Shoulders Flying Open


#1

I’ve got an ongoing struggle that I’ve been dealing with all summer…keeping my shoulders closed. I’ve been throwing against a wall (and filming myself to check for progress) a lot and doing drills that I picked up off a Tom House video hoping that the “rotate late” part will sink in. So far I haven’t had much luck. When I slowly go through my delivery, I can keep them back no problem. When I actually throw or go full speed, however, it’s a different story. My hips seem to be ok, but my shoulders rotate at the same time as my hips no matter how hard I try to hold them back. Is there a certain trick to keeping the shoulders closed or any drills that I could do? I’d appreciate any advice or suggestions.


#2

Here’s what I told someone else.

First, you have to consciously try to hold your shoulders back; to keep them from rotating at the first moment that they feel the pull from the hips.

Second, you have to work on increasing the flexibility of your torso (this will help both your golf and your hitting).

Third, if you are a RHP, you could try pointing your glove to the 3B side of the plate (LHP try pointing the glove to the 1B side of the plate).

This advice from DM59 also may help…

[quote=“DM59”]In addition to pointing the glove on the throwing arm side of the plate, ensure that the thumb of the glove hand stays down and the elbow is at shoulder height until serious shoulder rotation happens. This keeps the upper arm in “internal rotation”, which helps stop the front shoulder from opening up too soon. Turning the glove over and dropping the elbow early has a way of bringing the shoulder with it.

Also, it’s a timing issue, often, where the throwing hand/arm is ready to fire away much too early. Experiment with hand break timing and overall tempo. The entire throwing arm and hand should get to a horizontal position at shoulder height just prior to the front foot turning over to land. If you go through this position at the right time, your hand will not be ready to throw yet and you MIGHT not start shoulder rotation so early. Also, if the mental imagery is such that the throwing forearm and back of the throwing hand is on it’s way up toward high cocked as the front foot and hips begin to turn into landing, your throwing hand SHOULD be going through high cocked just as the front foot actually lands and bears weight, which is the correct timing.[/quote]


#3

Which drills are you doing? The drills I can think of that would help you specifically practice late shoulder rotation would be:

(1) Knee drill
(2) Mirror drill
(3) Stack & Track version of towel drill

I believe these are all shown on the latest Tom House/NPA “Performance Drills” video but I’m not sure about older videos.

Of course, when you do any drills, you should intermix some live throwing in between. That way, you practice a skill and then immediately try to carry it over to the live throwing. Then you practice the next skill (or the same skill again using a different drill) and carry it over to live throwing. Etc. Etc. Etc.


#4

I was told- Chin to chin, meaning bring your glove shoulder to your chin while you’re cocking up, then meet the other shoulder at the end. Practice it just at your computer.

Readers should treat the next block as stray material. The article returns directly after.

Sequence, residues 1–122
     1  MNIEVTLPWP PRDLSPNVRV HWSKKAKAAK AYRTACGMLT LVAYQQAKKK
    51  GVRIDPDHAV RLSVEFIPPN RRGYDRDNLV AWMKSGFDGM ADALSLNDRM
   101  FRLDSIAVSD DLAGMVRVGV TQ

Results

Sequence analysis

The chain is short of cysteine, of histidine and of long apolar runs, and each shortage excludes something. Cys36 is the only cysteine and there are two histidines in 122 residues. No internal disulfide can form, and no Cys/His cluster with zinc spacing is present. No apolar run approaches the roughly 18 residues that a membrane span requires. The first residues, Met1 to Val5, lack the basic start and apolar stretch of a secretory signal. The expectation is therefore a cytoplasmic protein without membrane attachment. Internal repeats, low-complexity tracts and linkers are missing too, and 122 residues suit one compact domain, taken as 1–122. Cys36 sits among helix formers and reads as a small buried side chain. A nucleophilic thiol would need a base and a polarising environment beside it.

#5

Chris…I’ve been conscientiously trying to keep my shoulders back and when I think I’m getting it, I look at the video and my shoulders are still rotating with my hips. Maybe it’s something that just takes a lot of time before it finally sinks in?

Roger…The drills I’m doing are from an older video. I don’t remember the name of the drills but…(1)cross arms, bring knee to belly button, stride, rotate late. (2) Get into flex T position and throw from there. I’ll definately look into those other drills and maybe that new video. I didn’t know that about doing live throwing in between drills. That’s something that I need to start doing.

I appreciate all the advice guys. :smiley:


#6

Here’s something to think about…

While you are delaying your shoulder rotation, you might be doing something that prevents keeping the shoulders closed. For example, if you have a posture or balance problem, that may cause you to fall off to the side and that will make it hard to keep the shoulders closed. If you pull the glove to the side, a premature pull will make it hard to keep the shoulders closed. If you have a short stride, that will likely cause everything to open up sooner than you’d like.

So try to assess whether or not there is something else you are doing that is pulling the shoulders open.


#7

Yes.

It also takes time to increase your flexibility.


#8

Roger and Chris…You guys are awesome! I figured out that when I try to hold back my shoulders, I also lean forward (towards 1st base). I started doing the towel drill and after a while, got to the point where I finally held my shoulders back long enough to hit the target. I’m starting to get a feel for it now. I still got some work to do on it, but I’m making a lot of progress. I’ll try to get a video on myself in the next couple of days to see if it looks right.
Thanks for all the help.


#9

Backwards Chaining will help you out as well. Try and do a search on it and do some surfing. Backwards chaining will help with your release point and keeping your mechanics consistent. I am going by previous experience here. You also go some very good info here as well. IF you have a mirror try looking at your motion and video taping yourself .

Good luck!